I did so without another word, my heart hammering.  I tore at the rags, all that was left of my tunic, and throw the pieces to the floor.  At this rate, I’d be bereft of all clothing.  I leaned forward onto the back of my chair, feeling weird with my legs straddling it.  I crossed my arms over the headrest and buried my face in their folds.  I couldn’t help it.  I flinched when I felt the towel on me.  It wasn’t too hot, it was just…

“It’s sad…” Taila whispered.  I didn’t ask her to clarify.  I didn’t need her to.  She was taking her time, caressing my Mark.  “I don’t cry for much, you know.  I’ve cried for my parents–Aelurus bless them–and I’ve cried for your family too.  But I cried when I heard what’d been done to you.  I cried when you left.”

My hands clenched.  I tried to swallow the lump in my throat.  “I know.  I’m sorry.”

“Stop apologizing.”

So I did.

I raised my head to rest my chin on my forearms, the skin there damp, and my eyes pink.  I sniffled back the runs of my nose and turned my head a little.  Taila was…really taking her time it seemed.  Not that I minded.

should mind.  I need to.

I squinted my eyes.  “Taila, I think I have to go.”

“Stay still, I’m not done with you.”

I told myself to get up.  I bunched, like I was going to.  Taila’s hands came down on my shoulders, and they pressed till it hurt.  “Stay.  I won’t let you run out on me, again.  You hear?”  She leaned over me, the cloth of her shirt brushing my bare skin.  “…You hear?”  She kissed the side of my head and I jerked, less in thought and more in instinct.  As I moved from the back of the chair, it afforded her room to wrap her arms about me, the wet towel still in her hand.  Now her head was next to mine.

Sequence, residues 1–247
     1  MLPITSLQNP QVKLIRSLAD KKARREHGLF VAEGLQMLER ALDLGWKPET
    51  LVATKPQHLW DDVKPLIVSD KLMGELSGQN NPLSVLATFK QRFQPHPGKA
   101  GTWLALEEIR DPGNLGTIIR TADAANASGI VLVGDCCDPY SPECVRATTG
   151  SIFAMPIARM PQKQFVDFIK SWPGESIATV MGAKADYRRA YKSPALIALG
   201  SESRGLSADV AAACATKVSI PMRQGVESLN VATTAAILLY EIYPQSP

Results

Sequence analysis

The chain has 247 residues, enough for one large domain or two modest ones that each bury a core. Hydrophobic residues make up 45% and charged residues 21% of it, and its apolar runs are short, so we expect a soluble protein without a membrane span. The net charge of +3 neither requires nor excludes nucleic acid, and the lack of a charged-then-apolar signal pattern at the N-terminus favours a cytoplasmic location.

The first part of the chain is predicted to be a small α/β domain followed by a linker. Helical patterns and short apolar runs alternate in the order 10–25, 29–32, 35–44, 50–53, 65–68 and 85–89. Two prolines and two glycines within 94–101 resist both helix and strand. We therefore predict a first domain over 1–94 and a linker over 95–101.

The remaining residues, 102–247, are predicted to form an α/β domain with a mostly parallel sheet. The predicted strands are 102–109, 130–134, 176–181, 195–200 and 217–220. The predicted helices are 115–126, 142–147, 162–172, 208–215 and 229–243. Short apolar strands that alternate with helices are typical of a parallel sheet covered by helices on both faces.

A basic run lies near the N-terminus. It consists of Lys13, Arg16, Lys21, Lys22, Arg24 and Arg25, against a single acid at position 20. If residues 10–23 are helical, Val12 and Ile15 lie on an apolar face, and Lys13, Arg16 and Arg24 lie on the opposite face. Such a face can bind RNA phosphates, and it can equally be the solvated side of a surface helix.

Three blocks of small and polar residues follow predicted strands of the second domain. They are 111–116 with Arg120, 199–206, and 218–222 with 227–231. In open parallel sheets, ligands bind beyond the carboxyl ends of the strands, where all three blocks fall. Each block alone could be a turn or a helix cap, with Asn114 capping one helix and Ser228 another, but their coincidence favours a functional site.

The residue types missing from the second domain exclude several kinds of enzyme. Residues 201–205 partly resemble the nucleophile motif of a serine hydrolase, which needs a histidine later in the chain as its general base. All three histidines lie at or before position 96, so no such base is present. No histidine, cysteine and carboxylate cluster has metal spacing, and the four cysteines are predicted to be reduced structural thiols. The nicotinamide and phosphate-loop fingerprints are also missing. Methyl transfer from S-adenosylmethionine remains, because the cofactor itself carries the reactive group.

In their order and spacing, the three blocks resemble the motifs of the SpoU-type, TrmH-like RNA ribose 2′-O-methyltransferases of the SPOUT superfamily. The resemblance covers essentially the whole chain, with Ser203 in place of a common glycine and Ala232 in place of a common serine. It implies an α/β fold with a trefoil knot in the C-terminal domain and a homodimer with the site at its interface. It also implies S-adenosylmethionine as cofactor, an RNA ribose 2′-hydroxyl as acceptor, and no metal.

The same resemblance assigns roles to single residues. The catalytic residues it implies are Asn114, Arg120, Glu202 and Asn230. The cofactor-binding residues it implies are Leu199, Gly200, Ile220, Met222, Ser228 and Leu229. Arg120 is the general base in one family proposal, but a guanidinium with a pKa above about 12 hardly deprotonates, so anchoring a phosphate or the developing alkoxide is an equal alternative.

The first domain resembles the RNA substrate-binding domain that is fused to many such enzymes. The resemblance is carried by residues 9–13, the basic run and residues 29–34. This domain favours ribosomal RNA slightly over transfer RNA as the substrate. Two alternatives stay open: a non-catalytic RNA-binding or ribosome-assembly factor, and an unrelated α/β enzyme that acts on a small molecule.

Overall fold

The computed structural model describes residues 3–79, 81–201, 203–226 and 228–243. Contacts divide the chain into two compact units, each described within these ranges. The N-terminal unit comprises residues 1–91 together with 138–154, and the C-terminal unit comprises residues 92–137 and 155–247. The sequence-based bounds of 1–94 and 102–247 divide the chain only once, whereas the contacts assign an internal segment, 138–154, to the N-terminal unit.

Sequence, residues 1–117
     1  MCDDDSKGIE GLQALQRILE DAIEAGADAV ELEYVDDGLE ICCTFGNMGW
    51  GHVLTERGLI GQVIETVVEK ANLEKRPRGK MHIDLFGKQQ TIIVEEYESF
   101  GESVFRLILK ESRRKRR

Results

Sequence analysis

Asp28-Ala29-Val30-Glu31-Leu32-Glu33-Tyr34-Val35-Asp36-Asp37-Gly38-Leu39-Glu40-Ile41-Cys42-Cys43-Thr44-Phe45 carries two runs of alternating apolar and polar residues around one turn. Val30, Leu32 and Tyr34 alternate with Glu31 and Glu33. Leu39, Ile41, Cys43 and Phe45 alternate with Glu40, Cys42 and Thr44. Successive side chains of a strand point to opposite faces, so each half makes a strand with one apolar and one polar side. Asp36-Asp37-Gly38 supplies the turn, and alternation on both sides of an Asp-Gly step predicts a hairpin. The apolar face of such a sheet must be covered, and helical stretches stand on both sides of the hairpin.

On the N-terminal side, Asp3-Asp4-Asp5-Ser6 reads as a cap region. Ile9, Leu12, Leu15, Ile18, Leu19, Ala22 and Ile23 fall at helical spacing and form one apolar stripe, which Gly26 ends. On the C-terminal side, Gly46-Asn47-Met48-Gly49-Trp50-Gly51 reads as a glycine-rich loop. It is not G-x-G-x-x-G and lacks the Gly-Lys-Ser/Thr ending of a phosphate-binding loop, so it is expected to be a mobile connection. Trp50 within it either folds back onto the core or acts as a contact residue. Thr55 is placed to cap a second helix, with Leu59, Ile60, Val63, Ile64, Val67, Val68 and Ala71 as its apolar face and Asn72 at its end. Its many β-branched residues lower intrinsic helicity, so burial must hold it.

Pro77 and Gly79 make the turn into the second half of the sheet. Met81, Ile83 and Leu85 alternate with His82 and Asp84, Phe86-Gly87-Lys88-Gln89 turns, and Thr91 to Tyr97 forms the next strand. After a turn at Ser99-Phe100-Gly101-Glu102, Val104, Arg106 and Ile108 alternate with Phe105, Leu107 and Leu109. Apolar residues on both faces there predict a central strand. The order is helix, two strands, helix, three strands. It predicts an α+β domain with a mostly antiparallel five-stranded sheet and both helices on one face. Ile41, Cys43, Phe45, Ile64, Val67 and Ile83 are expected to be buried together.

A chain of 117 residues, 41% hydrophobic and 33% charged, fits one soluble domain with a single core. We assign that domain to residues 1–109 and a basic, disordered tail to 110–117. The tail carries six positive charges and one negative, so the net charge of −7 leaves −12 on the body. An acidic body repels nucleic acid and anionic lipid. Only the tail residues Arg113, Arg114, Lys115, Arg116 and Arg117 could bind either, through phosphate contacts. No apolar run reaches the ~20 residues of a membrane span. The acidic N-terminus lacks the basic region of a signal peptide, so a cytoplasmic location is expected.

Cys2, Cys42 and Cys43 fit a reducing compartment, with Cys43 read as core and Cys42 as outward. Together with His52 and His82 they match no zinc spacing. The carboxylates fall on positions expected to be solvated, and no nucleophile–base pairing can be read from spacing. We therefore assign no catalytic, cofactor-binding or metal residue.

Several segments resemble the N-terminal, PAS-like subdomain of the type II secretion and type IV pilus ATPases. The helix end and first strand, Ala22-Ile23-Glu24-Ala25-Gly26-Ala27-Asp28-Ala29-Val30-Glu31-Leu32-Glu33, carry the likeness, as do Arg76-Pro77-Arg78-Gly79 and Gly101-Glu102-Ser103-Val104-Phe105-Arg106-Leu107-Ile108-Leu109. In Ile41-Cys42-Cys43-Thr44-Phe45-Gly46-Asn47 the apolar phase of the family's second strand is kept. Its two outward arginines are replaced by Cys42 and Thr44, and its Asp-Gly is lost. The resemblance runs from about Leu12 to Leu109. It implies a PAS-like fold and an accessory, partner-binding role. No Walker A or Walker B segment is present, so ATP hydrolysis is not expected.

“Stay, Nyx,” she breathed into my ear.  “Please.  Just let me–” but her voice broke off in a shudder and I could barely keep my breath in my lungs as she dropped the towel, and her hands roved up, and up, and up, till they were on my breasts.  Everything burned.  My head rolled back.  Taila’s mouth was on my neck and I let out some sort of noise–a sigh?  A moan?  My gaze flickered to the ceiling of my room as I reached for her, my back arching…

I should care.  I need to.  I have to.

this wasn’t real.

I started laughing, but I found nothing funny.  It was hysterical, and pathetic, and grotesque, and I didn’t know what I was doing in that scene, at all.  I could feel the shadows all around me, feel them expand and contract like lungs.  The walls rippled.  My friend, much as she may have still cared for me, could never have tolerated my presence as she was now.  Lies.  All lies.  The Mark on my back made me abhorrent to all of my kind.  I could still remember the last time I saw Taila, the sight of her curling from me, shuddering as she gazed at me with a mixture of sadness and involuntary disgust.

My laughter grew worse as tears clouded my eyes.

The Taila-of-the-present paused and looked at me curiously, her pretty eyes batting.  I stood from the chair, wiping at my eyes, and she moved from me, our bodies bumping gracelessly.  Still chuckling, I pointed to my bed.  Suddenly she grinned and caught my wrist, pulling me toward it.  She knocked over my tower of fiction books as she went–the adventures, the horrors, the fantasies.  My eyes went to them, and my smile waned.

Good humored, assertive, mellifluent, and honest…but what makes them different is something simple.

“She listens to me,” I breathed.

Taila frowned at me.  “Huh?”

I lifted my eyes from my books and stepped toward her.  Her hands go to my waist, pulling me to her, but I do not let her pull me onto the bed all the way.  My hands go to her shoulders.  “She listens.  When I say something, she doesn’t make light of my thoughts.  When I don’t say something, she listens even more.  In a way, she understands me better than Taila ever did.  Elmiryn.  I have to find her.  Not because I need to, but because I want to!”

Taila’s eyes narrow.  “Kiss me,” she orders.

I looked at her, a frown of my own on my face.  I always did what she told me.

…But Taila never asked me to do something she knew I wouldn’t do already.